Alejandro Sabella’s recent appointment as Argentina coach is without doubt the biggest challenge of his career thus far. The 56-year-old, who hitherto has kept a relatively low profile, will need all his composure and astuteness for this famously difficult role, especially with this being only his second job as head coach, having spent the best part of two decades as a technical assistant.
That said, his recent sojourn at Estudiantes de La Plata, where he won a national league title, a Copa Libertadores and even had Josep Guardiola’s Barcelona on the ropes in the final of the FIFA Club World Cup 2009, made him the preferred candidate for the national team job. Never an easy assignment, Sabella has the additional challenge of getting Argentina back on track after a largely disappointing Copa America 2011 in time for the start of their 2014 FIFA World Cup Brazil™ qualifying campaign in just two months time.
On Saturday 6 August, Sabella was officially unveiled as the 33rd coach in La Albiceleste’s long and illustrious history, and he has this to say afterwards: “To be honest, I never imagined I’d get this chance so soon, but the national team is the ultimate opportunity. It was always a dream of mine to be here, whether as a player or coach. It’s simply the pinnacle of one’s career.”
An admirer of compatriot and former Albiceleste and Chile coach Marcelo Bielsa, Sabella has also expressed his gratitude to the other people he has served under. His own management style is direct with an emphasis on player-relations, although it is rare to hear him raise his voice or speak rashly
“He’s a consummate worker to pays great attention to detail. He gets on well with the older hands and the youngsters because he says precisely what’s required in any given situation. At Estudiantes, he left a strong legacy,” said Juan Sebastian Veron after Sabella’s surprise decision to quit as head coach of the club in February.
Much of what Sabella brings to his coaching work has its roots in his time as a player. Born on 5 November 1954, this Buenos Aires native cut his teeth as an attacking midfielder in the youth divisions of River Plate, for whom he made his senior debut at the age of 20. And while his physique or turn of pace may not have been that impressive, his sumptuous left foot and intelligent play more than made up for it. With an ability to make the difficult appear easy, he routinely shook off defenders with a deft feint and would invariably pick out his team-mates. All qualities, it should be noted, that he has sought to imbue his charges with.
Despite winning three league titles with Los Millonarios, the player dubbed Pachorra (slowcoach) for his languid pace was frequently in the shadow of River icon Norberto Alonso, another left-footer who he happened to share a position with. “You always want to play but you also have to be magnanimous and accept when someone is better than you,” he has said of those days.
So when the chance came to move to Europe in 1978, Sabella took it, enjoying spells with English sides Sheffield United and Leeds United. He left behind not only the club closest to his heart but also a friend and team-mate in Daniel Passarella, with whom he would later collaborate for some 17 years.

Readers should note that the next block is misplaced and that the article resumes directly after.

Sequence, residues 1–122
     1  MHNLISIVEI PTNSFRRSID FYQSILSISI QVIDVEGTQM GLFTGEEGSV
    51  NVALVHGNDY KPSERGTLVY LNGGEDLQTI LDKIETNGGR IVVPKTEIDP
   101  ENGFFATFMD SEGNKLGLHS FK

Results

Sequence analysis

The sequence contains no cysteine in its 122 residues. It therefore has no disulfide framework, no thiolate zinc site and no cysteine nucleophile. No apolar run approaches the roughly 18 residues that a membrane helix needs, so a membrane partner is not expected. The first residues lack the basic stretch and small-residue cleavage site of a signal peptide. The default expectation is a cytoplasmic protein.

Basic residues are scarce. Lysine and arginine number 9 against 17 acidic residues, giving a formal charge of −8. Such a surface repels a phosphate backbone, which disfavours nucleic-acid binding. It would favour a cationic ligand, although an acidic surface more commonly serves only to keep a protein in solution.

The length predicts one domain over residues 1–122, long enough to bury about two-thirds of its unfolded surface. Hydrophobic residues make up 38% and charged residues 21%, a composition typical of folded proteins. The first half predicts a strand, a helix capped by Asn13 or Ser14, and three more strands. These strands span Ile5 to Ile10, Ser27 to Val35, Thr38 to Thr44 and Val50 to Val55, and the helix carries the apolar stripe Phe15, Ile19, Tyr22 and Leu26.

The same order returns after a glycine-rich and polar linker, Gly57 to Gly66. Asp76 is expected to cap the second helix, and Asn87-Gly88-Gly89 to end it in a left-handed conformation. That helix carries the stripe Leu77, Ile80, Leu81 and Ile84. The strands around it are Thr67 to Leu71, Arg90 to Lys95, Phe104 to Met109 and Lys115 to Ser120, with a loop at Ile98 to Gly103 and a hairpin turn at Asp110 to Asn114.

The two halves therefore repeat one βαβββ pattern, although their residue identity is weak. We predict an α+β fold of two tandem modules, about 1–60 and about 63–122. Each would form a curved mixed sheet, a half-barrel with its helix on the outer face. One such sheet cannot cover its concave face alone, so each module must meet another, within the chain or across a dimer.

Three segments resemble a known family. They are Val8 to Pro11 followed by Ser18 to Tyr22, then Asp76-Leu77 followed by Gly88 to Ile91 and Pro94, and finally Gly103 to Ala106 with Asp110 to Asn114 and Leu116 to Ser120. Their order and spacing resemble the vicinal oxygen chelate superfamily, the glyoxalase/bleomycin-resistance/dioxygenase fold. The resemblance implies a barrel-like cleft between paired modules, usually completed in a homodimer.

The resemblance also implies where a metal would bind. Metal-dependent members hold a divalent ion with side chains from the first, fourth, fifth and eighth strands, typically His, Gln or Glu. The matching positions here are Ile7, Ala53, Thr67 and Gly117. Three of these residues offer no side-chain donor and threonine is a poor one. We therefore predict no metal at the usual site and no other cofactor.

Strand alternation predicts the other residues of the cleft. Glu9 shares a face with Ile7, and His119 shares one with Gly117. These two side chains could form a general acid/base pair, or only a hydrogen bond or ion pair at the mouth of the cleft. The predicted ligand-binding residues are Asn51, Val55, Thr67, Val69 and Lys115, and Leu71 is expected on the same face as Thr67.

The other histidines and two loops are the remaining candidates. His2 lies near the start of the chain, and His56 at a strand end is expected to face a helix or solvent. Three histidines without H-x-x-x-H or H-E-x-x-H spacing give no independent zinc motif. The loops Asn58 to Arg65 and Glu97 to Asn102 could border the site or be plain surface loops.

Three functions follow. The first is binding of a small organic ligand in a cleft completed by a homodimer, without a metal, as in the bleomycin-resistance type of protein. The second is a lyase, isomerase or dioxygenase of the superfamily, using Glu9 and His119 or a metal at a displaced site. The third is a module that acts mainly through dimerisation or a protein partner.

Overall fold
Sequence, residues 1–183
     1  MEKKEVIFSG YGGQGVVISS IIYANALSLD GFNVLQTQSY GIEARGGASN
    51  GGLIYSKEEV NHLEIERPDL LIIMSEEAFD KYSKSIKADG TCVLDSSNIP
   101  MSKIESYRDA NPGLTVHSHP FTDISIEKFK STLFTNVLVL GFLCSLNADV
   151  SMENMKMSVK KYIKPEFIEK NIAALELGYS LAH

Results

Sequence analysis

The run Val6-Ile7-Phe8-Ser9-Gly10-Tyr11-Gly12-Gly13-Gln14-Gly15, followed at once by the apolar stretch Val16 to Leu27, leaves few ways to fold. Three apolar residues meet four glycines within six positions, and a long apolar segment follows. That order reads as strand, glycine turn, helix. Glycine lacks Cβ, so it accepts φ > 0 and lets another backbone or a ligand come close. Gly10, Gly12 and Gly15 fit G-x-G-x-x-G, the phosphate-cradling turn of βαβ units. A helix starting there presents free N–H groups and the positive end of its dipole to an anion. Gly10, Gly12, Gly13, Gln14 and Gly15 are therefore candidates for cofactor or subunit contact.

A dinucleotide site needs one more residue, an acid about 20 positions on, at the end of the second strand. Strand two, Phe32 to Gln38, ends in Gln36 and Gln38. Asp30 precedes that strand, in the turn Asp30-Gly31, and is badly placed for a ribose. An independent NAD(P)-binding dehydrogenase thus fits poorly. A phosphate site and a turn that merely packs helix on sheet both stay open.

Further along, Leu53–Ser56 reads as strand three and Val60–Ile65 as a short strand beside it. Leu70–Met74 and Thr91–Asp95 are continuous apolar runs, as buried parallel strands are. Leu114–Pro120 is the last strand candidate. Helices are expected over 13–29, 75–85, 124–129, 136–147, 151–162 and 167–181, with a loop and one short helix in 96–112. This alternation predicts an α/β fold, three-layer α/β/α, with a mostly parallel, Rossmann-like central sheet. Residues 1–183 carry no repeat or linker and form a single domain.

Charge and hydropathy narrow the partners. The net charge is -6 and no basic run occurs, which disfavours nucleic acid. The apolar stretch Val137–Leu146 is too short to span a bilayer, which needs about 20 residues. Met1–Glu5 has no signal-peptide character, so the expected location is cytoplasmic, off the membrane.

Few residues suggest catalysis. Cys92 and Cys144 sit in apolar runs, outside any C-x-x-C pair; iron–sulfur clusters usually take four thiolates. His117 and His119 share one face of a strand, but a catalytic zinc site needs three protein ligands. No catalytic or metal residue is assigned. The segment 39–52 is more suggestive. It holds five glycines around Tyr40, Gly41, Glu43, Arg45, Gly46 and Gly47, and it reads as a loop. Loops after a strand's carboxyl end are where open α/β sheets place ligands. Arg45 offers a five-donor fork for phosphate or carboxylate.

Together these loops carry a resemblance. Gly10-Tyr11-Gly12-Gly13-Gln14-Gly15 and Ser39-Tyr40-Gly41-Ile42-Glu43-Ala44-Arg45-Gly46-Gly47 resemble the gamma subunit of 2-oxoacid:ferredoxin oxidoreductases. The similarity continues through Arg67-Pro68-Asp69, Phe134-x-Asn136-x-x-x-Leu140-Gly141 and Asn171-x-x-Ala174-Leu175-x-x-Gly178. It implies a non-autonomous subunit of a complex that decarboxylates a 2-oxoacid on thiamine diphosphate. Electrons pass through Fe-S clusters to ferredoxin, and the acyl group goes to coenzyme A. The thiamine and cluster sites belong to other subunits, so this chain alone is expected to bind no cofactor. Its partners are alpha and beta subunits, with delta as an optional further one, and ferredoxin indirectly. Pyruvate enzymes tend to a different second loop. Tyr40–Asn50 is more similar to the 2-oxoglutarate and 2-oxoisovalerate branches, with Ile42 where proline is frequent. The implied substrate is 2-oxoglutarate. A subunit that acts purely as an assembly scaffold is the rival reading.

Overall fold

In 1981 Carlos Bilardo, in recent months one of Sabella’s strongest advocates for the Albiceleste job, but at the time coach of Estudiantes, convinced him to return home and sign for El Pincha. While there he would pick up another two national league titles and earn himself a call-up to the Argentina squad (then under the management of Bilardo), although he would not make the group that triumphed at the 1986 FIFA World Cup™ in Mexico.
Such was the bond that Sabella forged with Estudiantes that when he hung up his boots in 1989, he chose to move back La Plata, near the club that would eventually provide the springboard for his elevation to national team coach.
From player to coach
When in 1990 Passarella invited him to become part of his coaching staff at River alongside fellow Mexico 1986 star Americo Gallego, Sabella jumped at the opportunity. The pair worked together at River for four years (1990-94) before taking up the reins at the national team (1994-98), who they would lead to the quarter-finals of France 1998.
Following the departure of Gallego, Sabella became Passarella’s first assistant at the helm of Uruguay (2000-01), Italy’s Parma (2001), Mexico’s Monterrey (2002-04), Brazilian giants Corinthians (2005) and River for a second spell (2006-07). “That year Daniel told me he wanted to become President of River so I focused on working as a head coach,” Sabella said after the duo had gone their separate ways.
His chance would come in March 2009 when he stepped into the hot seat at Estudiantes – at the time sixth in the league and struggling in the early stages of that year’s Copa Libertadores. Yet, without seeming to adhere to a set tactical formation, Pachorra would famously lead the team to Libertadores glory that year and to league success the following season. All told, he was in charge for 60 games, winning 37 and losing just nine (91 goals for, 36 against), a record that earned him critical acclaim at home and abroad.
Sabella was on the verge of taking the coaching job with United Arab Emirates when the Argentina position was offered him. ‘Balance’, ‘a sense of belonging’ and ‘role models’ were just some of the key words he mentioned on taking up the position. It was another principle, however, which he said he hoped would underpin his tenure, that of “putting the common good before that of the individual”.
If his players can show the same self-sacrifice and dedication that Sabella has shown in his career, who is to say he cannot get Argentina back on the road to glory once again?